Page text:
Polish election result seen as a defeat for religious extremism

By staff writers
October 23, 2007

The massive poll win for Poland's liberal-right Civic Platform party, which has ousted Prime Minister Jaroslaw Kaczynski's hardline conservatives in the general election, is a defeat for extreme Catholic nationalism, analysts say.

With 99% of the votes counted, Donald Tusk's pro-European Union opposition party has received more than 41% of the votes, reports the BBC, while Mr Kaczynski's Law and Justice (PiS) party secured about 32%.

The Polish general election was called two years earlier than scheduled after Mr Kaczynski's coalition fell apart over a corruption probe.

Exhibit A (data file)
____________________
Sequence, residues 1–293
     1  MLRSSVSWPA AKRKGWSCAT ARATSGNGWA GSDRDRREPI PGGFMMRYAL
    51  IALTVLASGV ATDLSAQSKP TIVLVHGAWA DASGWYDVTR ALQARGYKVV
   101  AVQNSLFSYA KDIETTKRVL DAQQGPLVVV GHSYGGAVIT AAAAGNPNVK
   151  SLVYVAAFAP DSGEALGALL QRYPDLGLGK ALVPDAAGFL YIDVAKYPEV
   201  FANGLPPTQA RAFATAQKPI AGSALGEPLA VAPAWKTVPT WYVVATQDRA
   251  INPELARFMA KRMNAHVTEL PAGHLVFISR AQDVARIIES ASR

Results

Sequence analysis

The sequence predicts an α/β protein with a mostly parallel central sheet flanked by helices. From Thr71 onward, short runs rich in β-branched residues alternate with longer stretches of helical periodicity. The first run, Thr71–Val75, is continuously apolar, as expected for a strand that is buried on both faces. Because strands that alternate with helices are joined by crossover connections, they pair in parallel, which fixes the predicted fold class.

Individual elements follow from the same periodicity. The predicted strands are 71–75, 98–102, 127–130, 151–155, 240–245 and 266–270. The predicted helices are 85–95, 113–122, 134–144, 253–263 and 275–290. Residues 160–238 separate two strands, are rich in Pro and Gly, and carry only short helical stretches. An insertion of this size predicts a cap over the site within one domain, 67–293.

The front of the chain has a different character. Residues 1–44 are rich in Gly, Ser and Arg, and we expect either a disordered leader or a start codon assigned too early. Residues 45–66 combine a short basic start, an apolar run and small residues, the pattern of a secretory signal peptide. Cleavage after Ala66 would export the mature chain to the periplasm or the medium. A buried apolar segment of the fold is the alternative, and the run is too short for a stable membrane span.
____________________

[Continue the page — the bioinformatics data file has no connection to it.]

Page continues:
Mr Tusk is now expected to hold talks with likely coalition partners later this week.

The result is a defeat for extreme nationalists and some Catholics whose rhetoric has been accused of xenophobia and nationalism.

Last week Poland's Catholic bishops issued a statement in all churches saying that they remained neutral on the matter of voting. 90% of the population are Catholics - with an upsurge in religious commitment having swept the country since the fall of communism, which imposed atheism as an official ideology.

However, the removal of restraints has exposed some hardline views and movements incubated by previous repressive policies.

A focus of concern among moderates has been controversial priest Father Tadeusz Rydzyk, who runs Radio Maryja, its sister TV channel, Trwam, and the newspaper, Nasz Dziennik.

The station has been condemned for anti-Semitism and spreading fear and hatred by civic campaigners, and the Church - itself very far from liberal - has firmly distanced itself from such groups.

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